So many of these obviously intelligent people censor comments that they disagree with and deem anyone who disagrees with them as a fascist, racist or xenophobe.   The vitriol I’ve attracted from some is almost unbelievable. They can’t understand that in one article I can condemn the evil behaviour of the Israelis and in the next I condemn the great evil that Islam has become. I can call some Israeli behaviour fascist.  I can call some Islamists perverters and defilers of Islam.

Some of these bloggers write (rant) at the most incredible length. They probably don’t have the benefit of my experience from which the most important thing I’ve learned is that even those people who agree with you will get bored if you go on and on and on and on and on…

It’s just a tip which you can ignore if you want but if you can’t get your point across in a couple of hundred words then maybe you should think again!

One individual (who I won’t embarrass by linking to), told me today that offering a link to my post on the subject was “an advert”, referred me to his “comments policy”, suggesting that I am a “xenophobic bigot”.

I explained to him that my comments policy is “please do”!

Israel Must Stop

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Be The Great Nation That You Can!

I have had an overwhelming response to many things that I have written about Israel.  It has reached a crescendo with the views I have expressed about the attack on the Gaza flotilla.  It polarises opinion.  You either agree with me or you want me put to death by the slowest and most painful means.

I’m just an ordinary Brit of proud Welsh descent from a family that was at the bottom of the heap (the slag heaps of South Wales) but has dragged itself upwards, entirely through its own efforts.  I’m not an anti-semite. I’m not a natural ally or an enemy of Arab, Jew, Muslim or anyone.  What I care about is truth, justice, freedom, beauty, love and my dogs!

I cannot stand by though and see the way that Israel behaves without shouting my protest and disgust.

Israel and its supporters must understand that many intelligent, considered men of principle throughout the world believe that the way you are now behaving is just as bad as the Nazis did against you!!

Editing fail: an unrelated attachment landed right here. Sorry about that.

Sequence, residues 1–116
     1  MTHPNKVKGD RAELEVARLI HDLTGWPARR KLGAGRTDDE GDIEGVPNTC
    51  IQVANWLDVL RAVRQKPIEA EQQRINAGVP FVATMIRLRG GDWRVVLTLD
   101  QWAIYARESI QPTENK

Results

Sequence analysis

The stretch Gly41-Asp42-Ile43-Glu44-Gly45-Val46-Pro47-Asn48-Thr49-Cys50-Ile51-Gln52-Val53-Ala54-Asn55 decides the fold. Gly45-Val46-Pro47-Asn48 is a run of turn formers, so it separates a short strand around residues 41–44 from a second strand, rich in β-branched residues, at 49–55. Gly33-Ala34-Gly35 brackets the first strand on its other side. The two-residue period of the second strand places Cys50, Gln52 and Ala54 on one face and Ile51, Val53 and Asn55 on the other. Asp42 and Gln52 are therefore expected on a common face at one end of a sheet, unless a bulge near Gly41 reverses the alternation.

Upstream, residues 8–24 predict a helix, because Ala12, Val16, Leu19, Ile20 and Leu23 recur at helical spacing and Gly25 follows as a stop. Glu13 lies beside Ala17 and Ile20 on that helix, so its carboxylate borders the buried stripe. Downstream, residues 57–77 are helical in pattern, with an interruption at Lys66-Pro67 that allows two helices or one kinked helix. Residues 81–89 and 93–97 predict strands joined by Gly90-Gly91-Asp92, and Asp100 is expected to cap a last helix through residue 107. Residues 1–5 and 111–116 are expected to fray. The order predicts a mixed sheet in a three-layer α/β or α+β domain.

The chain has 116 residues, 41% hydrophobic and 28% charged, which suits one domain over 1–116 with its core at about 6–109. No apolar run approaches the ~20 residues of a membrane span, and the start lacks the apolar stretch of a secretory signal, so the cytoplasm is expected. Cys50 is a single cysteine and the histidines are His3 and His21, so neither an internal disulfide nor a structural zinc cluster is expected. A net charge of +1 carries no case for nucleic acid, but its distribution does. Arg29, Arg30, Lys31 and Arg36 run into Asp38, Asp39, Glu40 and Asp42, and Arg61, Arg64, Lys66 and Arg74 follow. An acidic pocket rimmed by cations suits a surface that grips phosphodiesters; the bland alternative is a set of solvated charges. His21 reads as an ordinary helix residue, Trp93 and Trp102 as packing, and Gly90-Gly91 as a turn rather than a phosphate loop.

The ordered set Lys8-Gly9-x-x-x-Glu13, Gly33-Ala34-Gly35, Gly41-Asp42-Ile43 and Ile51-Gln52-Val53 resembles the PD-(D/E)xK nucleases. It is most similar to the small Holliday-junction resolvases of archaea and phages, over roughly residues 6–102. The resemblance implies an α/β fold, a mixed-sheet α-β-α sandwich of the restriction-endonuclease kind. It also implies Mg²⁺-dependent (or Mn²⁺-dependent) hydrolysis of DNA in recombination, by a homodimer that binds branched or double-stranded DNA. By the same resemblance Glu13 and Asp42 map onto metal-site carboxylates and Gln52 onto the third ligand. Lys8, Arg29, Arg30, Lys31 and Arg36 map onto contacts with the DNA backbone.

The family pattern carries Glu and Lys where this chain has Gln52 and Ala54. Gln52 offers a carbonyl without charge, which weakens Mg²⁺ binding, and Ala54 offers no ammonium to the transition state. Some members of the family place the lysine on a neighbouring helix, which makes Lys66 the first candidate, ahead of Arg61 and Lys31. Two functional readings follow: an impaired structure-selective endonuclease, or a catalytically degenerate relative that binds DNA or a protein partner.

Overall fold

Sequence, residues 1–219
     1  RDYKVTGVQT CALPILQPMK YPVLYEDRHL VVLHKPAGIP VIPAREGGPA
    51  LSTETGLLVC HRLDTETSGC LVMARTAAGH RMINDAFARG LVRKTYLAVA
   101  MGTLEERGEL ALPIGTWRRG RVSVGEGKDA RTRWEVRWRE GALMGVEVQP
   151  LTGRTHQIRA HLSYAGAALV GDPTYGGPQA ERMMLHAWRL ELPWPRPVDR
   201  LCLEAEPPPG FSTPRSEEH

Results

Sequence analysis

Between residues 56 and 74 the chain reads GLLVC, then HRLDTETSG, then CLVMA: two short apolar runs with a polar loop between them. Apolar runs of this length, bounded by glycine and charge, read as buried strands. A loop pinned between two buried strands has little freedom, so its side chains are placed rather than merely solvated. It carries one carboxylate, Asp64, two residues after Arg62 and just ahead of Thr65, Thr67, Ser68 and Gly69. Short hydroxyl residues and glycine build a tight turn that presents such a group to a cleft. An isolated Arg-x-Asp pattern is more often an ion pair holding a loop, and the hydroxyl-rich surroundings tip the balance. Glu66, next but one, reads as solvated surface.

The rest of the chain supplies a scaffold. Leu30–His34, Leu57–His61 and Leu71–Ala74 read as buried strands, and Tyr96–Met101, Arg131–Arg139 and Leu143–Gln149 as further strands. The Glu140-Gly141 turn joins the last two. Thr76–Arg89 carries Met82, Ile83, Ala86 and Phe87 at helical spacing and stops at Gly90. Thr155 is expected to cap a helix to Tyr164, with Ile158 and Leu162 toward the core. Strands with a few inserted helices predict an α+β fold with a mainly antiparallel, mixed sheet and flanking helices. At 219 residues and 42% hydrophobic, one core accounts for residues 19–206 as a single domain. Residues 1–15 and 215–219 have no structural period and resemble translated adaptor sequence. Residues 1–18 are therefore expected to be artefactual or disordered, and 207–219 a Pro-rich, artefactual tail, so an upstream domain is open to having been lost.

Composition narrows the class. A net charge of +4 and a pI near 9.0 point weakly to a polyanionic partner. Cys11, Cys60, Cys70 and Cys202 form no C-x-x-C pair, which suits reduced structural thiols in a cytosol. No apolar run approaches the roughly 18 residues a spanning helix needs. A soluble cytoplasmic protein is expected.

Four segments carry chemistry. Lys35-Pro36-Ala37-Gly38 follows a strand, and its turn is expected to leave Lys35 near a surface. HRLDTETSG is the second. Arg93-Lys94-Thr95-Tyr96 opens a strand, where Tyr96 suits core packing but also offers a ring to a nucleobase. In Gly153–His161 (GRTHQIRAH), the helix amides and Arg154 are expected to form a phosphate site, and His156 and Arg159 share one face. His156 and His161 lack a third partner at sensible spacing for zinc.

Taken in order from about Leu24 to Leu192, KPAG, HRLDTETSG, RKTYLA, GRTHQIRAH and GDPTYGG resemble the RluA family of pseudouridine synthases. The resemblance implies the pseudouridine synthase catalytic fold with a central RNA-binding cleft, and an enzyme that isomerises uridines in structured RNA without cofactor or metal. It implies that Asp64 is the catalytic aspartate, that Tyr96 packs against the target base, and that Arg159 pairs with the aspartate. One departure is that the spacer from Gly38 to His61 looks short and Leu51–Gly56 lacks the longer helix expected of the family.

I condemn the great evil that Islam has become in the world but you give them so many excuses!   Gaza is now the biggest concentration camp ever and Israel oppresses, bullies, brutalises, starves and denies the rights of the Palestinian people.  It is shameful!

My country fought to create the state of Israel so that the Jews could have a homeland after the holocaust, the greatest tragedy in human history.  Israel has betrayed those who fought for it.  You are now as bad as those that offended against you.

I know that there are millions of ordinary Israelis and Palestinians, people just like me, who abhor violence and prejudice and oppression.  We must stand up against the zealots and the fanatics.  Justice must prevail!

There is much that is wrong on both sides but first, most urgently, Israel must draw back from Gaza, from the settlements, from oppression.  These are grave wrongs that must stop now!  You must not be surprised that retaliation is made against you but these are fireworks against your tanks and F16s.  You must stop first.

I am just an ordinary man with no particular interest but I know what justice is.

Israel must stop.

Overpaid, Overperked And Overcome With Vanity

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You Used To Be Sexy!

The BA cabin crew staff need to wake up to reality and get back to work.

The conduct of Unite, of Tony Woodley and Derek Simpson is just completely unbelievable.  I cannot believe that two evidently intelligent men can seriously espouse the policies they are presenting.

Mad Or Bad?

I think the truth must be that this is an old fashioned, ultra left wing plot to “overthrow the capitalist system”, to in some way promote the left’s agenda as Gordon Brown leads Labour to inevitable, humiliating defeat.

I can understand the BA cabin crew staff being taken in by Unite’s idiotic stance because self-interest can blind us all to common sense.

The very idea that such ludicrous policies could prosper is ridiculous.  The truth is in the BA share price.  The cabin crew staff are overpaid, overperked and overcome with vanity if they see any future in their strike.

Get back to work now.

Khamenei Defiles Islam

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An Evil Old Man

Evil Hypocrite

When you see an old man like Ayatollah Ali Khamenei talking such absolute drivel it is tempting to think that he is either senile or mad.  Clearly though, the truth is he is simply bad.  His conduct will do more to set back the cause of Islam than almost anything else.  This is why the name of Islam is shamed throughout the world.  If followers of the Prophet can not find some honest, intelligent and sincere spokesmen then their religion and the culture that surrounds it will be forever condemned as a medieval anachronism.

His speech today is a catastrophic mistake and misjudgment but it will lead to a better future.  I believe it will enrage the educated and intelligent people of Iran.  He obviously believes that the people are stupid and that they can be bullied or terrorised into accepting that the elections were fair and that there is no corruption.  It would be easier to claim that he is deluded but no, I think this man is simply evil and it would be in the best interest of all mankind, Muslim, Christian, Jew, Hindu, non-believer if he were gone.

Who will rid us of this turbulent priest?